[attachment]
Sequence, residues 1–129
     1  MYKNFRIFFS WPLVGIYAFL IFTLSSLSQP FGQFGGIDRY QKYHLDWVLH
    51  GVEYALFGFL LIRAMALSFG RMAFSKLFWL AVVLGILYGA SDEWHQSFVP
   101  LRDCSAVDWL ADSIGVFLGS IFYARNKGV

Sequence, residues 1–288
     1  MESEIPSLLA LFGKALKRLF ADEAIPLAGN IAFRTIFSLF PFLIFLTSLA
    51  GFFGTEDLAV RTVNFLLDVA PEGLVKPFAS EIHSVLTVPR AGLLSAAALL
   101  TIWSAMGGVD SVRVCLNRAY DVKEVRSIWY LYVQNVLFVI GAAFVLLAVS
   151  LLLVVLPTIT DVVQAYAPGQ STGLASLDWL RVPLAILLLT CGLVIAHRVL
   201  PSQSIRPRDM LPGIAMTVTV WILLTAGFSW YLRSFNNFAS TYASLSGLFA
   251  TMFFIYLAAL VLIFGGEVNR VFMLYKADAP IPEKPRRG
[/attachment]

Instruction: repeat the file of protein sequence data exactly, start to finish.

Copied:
Sequence, residues 1–129
     1  MYKNFRIFFS WPLVGIYAFL IFTLSSLSQP FGQFGGIDRY QKYHLDWVLH
    51  GVEYALFGFL LIRAMALSFG RMAFSKLFWL AVVLGILYGA SDEWHQSFVP
   101  LRDCSAVDWL ADSIGVFLGS IFYARNKGV

Sequence, residues 1–288
     1  MESEIPSLLA LFGKALKRLF ADEAIPLAGN IAFRTIFSLF PFLIFLTSLA
    51  GFFGTEDLAV RTVNFLLDVA PEGLVKPFAS EIHSVLTVPR AGLLSAAALL
   101  TIWSAMGGVD SVRVCLNRAY DVKEVRSIWY LYVQNVLFVI GAAFVLLAVS
   151  LLLVVLPTIT DVVQAYAPGQ STGLASLDWL RVPLAILLLT CGLVIAHRVL
   201  PSQSIRPRDM LPGIAMTVTV WILLTAGFSW YLRSFNNFAS TYASLSGLFA
   251  TMFFIYLAAL VLIFGGEVNR VFMLYKADAP IPEKPRRG